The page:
NJ Family Issues Information and Opinions 2017-09-13T14:06:50Z http://www.kostrolaw.com/NJFamilyIssues/feed/atom/ WordPress PaulKostro <![CDATA[A contract will not be construed to indemnify the indemnitee against losses resulting from its own negligence unless such an intention is expressed in unequivocal terms]]> http://www.kostrolaw.com/NJFamilyIssues/?p=30650 2017-09-13T14:06:50Z 2017-09-13T14:06:50Z ]]>
Law Lessons from Lake Estates Condominium Assoc., Inc. v. Falcon Engineering LLC, N.J. Super. Law Div. (Natali, P.J.Ch.), MIDDLESEX COUNTY, DOCKET NO. L-6171-15, August 31, 2017:

Under the law of New Jersey, “a contract will not be construed to indemnify the indemnitee against losses resulting from its own negligence unless such an intention is expressed in unequivocal terms.” Mantilla v. NC Mall Associates, 167 N.J. 262, 272-73 (2001) (quoting Ramos v. Browning Ferris Indus. of S. Jersey, Inc., 103 N.J. 177, 191 (1986)). Following this precedent, the court in Azurak v. Corporate Property Investors, 347 N.J. Super. 516 (App. Div. 2002), concluded that “the absence of the requisite clear and explicit language addressing indemnification for the [indemnitee’s] negligence precludes recovery for its portion of the judgment for defense costs.” 347 N.J. Super. 516, 523 (App. Div. 2002). “Any doubts or ambiguities as to the scope of the exculpatory language must be resolved against the drafter of the agreement and in favor of affording legal relief.” Gershon, Adm’x Ad Prosequendum for Estate of Pietroluongo, supra, 368 N.J. Super. at 247 (citation omitted).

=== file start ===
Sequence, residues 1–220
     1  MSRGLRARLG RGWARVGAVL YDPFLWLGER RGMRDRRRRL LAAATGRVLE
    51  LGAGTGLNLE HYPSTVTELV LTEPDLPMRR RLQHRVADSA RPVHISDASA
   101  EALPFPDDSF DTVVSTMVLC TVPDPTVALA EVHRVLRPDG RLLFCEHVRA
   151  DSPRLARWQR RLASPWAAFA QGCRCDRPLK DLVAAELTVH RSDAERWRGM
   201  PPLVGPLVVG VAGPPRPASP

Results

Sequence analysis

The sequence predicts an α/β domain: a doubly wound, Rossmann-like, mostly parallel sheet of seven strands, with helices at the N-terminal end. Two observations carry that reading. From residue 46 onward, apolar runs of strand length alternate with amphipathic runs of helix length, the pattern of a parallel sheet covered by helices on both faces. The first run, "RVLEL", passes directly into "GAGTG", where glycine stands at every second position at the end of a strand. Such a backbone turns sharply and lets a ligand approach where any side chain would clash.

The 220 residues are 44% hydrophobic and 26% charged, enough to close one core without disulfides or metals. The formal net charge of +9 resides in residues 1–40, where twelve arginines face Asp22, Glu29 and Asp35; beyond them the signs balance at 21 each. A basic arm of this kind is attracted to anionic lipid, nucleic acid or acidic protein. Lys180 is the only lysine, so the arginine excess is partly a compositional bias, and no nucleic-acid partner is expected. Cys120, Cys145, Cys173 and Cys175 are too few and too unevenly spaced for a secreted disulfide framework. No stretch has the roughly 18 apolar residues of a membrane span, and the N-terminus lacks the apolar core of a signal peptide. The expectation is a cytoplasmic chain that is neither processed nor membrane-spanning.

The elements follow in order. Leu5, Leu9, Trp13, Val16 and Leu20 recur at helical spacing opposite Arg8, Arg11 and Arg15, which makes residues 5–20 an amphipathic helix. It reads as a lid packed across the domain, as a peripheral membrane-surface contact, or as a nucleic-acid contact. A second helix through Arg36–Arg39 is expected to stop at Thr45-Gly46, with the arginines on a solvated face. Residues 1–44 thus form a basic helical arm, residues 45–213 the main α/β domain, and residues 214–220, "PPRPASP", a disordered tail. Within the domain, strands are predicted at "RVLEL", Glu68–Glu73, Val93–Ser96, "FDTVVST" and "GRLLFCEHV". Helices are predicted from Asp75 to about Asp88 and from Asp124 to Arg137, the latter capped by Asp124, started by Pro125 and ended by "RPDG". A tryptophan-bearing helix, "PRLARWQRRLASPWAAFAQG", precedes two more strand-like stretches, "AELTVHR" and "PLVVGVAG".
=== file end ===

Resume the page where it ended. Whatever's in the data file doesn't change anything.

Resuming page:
NOTE from Paul G. Kostro, Esq.: If you are interested in Mediation; or have issues relating to Divorce, Domestic Violence, Child Support; Landlord-Tenant Matters; Contracts; Business Formation or Disputes; or Other Legal Matters, please call me to schedule an appointment — I can be reached by telephone at (908)232-6500; or by Email.


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NOTE: My Law Office is located at 116 South Euclid Avenue, Westfield, Union County, NJ. Telephone: 908-232-6500; Paul@Kostro.com

NOTE: This Blog/Blawg, NJ Family Issues, is managed by Paul G. Kostro, Esq., an attorney/lawyer/mediator and collaborative law practitioner in Westfield, Union County, New Jersey.

A contract will not be construed to indemnify the indemnitee against losses resulting from its own negligence unless such an intention is expressed in unequivocal terms originally appeared on NJ Family Issues on September 13, 2017.